Still, uploads represent another way for musicians and Spotify to cut out middlemen.
Using the platform's new Spotify for Artists feature, the beta program plans to invite "a few hundred USA -based independent artists" to test out the new tool over the coming months. CD Baby, TuneCore, Distrokid, Ditto and even Warner's Level Music all charge upload fees or a yearly subscriptions to act as third-party digital aggregators/distributors.
This doesn't mean anyone can upload their basement recordings to Spotify now. Spotify will allow artists to upload their content for free, with no fees or commissions no matter how frequent you release music. In a Q2 earnings call in June he touched on Spotify's "two-sided marketplace" strategy, saying the goal was to get "as much music on the Spotify platform as we possibly can". Many major labels are scrambling to find ways to fight back, but Spotify remains steadfast in their commitment to rolling out this new feature and insistent that they have no interest in becoming a label. The announcement on Spotify's blog notes that only a few hundred USA artists are currently using the new feature for now.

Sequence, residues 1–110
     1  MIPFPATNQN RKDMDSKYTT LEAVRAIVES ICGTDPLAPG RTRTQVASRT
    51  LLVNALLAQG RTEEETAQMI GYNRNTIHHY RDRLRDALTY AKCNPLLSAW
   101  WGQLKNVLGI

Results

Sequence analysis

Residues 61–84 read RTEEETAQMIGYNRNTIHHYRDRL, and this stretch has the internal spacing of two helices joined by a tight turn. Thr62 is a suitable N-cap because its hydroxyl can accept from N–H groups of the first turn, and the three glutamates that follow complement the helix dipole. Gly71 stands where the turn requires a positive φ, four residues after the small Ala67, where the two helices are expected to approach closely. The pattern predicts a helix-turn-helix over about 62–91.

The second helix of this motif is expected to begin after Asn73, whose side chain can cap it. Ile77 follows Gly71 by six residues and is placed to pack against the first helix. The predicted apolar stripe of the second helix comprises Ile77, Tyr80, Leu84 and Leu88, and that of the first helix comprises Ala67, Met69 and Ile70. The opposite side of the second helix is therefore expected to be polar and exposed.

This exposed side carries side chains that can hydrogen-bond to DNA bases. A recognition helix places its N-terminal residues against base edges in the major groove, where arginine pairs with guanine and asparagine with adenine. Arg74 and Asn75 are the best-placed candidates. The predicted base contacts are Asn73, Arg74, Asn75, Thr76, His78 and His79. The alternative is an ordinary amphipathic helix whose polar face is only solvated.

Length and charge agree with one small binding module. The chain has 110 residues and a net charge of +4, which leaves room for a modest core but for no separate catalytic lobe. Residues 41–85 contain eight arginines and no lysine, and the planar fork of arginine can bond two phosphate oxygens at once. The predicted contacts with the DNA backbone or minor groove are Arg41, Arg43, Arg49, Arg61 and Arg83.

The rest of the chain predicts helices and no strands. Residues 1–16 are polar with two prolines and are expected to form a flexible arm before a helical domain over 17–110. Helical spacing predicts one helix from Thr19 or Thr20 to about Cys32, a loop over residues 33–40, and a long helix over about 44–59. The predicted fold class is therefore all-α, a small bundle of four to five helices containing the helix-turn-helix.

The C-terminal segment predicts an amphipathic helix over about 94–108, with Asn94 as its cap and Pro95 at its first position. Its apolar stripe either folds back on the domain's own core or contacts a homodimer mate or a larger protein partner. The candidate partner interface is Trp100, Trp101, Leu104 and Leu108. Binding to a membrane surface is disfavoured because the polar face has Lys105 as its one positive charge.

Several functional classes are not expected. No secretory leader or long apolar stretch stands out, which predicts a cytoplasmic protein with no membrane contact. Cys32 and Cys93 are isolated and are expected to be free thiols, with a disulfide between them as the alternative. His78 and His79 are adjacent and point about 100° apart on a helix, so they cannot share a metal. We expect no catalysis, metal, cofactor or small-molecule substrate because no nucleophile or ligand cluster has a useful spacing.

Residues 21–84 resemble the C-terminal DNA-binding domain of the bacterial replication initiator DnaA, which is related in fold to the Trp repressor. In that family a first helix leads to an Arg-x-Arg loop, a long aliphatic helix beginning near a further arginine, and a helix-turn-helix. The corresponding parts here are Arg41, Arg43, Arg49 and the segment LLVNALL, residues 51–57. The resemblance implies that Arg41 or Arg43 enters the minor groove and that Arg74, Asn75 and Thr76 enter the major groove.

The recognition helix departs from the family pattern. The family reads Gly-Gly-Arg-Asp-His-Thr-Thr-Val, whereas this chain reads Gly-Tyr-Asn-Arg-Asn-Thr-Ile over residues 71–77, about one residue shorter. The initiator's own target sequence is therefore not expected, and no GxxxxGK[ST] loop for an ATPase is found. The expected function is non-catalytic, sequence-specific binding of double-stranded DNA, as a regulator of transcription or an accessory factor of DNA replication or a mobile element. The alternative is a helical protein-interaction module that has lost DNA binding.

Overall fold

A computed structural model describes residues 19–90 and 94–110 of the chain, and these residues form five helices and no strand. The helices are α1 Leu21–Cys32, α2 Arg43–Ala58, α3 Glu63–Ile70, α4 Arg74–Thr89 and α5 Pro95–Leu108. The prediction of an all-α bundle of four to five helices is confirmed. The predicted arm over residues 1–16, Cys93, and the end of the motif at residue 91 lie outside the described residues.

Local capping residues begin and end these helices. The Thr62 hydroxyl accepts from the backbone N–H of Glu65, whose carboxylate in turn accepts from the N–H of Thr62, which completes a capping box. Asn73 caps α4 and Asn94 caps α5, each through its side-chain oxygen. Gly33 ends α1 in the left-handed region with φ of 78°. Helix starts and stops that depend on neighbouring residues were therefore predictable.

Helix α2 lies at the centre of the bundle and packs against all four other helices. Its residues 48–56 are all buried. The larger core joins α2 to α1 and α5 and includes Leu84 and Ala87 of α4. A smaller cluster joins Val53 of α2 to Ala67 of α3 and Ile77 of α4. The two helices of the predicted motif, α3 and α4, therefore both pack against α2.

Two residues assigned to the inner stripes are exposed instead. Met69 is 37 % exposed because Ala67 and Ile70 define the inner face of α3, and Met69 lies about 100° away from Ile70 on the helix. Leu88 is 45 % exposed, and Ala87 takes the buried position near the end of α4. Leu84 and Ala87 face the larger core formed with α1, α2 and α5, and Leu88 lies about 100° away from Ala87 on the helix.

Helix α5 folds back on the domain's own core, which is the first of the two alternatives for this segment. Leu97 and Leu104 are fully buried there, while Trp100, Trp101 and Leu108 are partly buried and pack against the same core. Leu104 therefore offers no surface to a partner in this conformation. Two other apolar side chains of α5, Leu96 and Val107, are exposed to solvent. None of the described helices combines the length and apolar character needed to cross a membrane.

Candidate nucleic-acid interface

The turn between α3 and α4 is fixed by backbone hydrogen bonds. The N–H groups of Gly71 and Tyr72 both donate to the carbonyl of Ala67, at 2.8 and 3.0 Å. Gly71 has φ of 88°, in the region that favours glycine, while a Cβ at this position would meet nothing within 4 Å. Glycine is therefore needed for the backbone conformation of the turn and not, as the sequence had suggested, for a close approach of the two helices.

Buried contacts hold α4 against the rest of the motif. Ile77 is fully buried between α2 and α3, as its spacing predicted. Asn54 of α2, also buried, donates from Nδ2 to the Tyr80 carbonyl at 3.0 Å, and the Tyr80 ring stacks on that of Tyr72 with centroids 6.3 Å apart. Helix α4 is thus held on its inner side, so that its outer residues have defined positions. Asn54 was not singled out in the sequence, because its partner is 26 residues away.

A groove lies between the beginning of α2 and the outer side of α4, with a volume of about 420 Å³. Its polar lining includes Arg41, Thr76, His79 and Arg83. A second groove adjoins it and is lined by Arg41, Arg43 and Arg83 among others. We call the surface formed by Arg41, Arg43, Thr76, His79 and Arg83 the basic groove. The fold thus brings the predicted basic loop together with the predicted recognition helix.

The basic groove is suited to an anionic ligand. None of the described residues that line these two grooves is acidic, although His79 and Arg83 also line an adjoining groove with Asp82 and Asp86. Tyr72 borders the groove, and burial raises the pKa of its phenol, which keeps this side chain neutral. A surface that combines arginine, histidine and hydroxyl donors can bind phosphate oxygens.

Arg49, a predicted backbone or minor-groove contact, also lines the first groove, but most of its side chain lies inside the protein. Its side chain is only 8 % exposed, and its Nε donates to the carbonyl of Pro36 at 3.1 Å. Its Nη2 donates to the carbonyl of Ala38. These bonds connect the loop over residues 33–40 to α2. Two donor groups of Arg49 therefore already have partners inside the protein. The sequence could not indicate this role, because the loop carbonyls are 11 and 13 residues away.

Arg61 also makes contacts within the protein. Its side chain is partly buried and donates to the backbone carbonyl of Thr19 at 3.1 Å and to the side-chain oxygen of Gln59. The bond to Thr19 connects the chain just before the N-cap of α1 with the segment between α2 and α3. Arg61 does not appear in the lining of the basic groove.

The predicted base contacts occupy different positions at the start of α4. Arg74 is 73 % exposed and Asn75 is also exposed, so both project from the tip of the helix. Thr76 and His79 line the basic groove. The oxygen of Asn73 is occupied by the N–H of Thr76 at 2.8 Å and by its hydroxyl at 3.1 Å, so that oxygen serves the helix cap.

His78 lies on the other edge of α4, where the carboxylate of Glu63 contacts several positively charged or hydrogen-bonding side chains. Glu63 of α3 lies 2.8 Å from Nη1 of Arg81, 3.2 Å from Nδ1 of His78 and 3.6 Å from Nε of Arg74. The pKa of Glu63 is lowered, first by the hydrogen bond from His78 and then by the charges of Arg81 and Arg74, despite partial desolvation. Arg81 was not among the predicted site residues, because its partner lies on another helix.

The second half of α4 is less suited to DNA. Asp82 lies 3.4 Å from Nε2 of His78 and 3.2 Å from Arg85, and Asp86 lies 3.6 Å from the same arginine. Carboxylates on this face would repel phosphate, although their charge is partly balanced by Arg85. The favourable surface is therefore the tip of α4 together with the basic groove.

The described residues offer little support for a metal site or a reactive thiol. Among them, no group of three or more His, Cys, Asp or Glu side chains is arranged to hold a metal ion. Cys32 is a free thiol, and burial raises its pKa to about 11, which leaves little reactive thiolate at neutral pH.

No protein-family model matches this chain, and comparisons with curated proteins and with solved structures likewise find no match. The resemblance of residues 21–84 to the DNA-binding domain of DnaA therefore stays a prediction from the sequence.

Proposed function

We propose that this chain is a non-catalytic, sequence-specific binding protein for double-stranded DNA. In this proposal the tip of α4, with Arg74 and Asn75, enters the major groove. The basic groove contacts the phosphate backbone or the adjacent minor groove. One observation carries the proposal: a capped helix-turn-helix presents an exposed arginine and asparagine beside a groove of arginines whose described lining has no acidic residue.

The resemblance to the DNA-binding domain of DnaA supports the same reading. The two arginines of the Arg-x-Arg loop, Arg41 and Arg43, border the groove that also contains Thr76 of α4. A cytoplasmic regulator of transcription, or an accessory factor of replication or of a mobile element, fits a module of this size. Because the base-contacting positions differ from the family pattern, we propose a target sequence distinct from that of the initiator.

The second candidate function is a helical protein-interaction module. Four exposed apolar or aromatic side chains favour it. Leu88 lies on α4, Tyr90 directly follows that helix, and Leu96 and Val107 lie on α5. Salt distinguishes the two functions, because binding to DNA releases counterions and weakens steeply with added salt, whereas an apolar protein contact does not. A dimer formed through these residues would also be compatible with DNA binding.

The upload feature in Spotify for Artists is now only available by invitation to "a few hundred US-based independent artists", but the company says that it will be rolling out to more artists, labels and teams "in the future".
A post on the Spotify blog goes into further detail regarding the new move: "Just like releasing through any other partner, you'll get paid when fans stream your music on Spotify".
"You'll be able to deliver music straight to Spotify and plan for the flawless release day", Spotify explains.